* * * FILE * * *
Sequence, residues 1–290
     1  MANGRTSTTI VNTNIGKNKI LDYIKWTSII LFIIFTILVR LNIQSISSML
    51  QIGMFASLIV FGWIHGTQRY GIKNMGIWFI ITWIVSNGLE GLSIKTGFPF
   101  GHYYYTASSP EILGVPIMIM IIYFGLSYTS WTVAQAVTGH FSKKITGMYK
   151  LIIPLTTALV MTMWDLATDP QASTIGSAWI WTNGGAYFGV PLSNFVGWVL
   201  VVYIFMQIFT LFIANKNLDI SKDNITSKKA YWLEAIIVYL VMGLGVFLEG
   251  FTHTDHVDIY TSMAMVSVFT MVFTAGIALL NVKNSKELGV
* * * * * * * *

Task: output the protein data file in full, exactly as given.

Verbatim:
Sequence, residues 1–290
     1  MANGRTSTTI VNTNIGKNKI LDYIKWTSII LFIIFTILVR LNIQSISSML
    51  QIGMFASLIV FGWIHGTQRY GIKNMGIWFI ITWIVSNGLE GLSIKTGFPF
   101  GHYYYTASSP EILGVPIMIM IIYFGLSYTS WTVAQAVTGH FSKKITGMYK
   151  LIIPLTTALV MTMWDLATDP QASTIGSAWI WTNGGAYFGV PLSNFVGWVL
   201  VVYIFMQIFT LFIANKNLDI SKDNITSKKA YWLEAIIVYL VMGLGVFLEG
   251  FTHTDHVDIY TSMAMVSVFT MVFTAGIALL NVKNSKELGV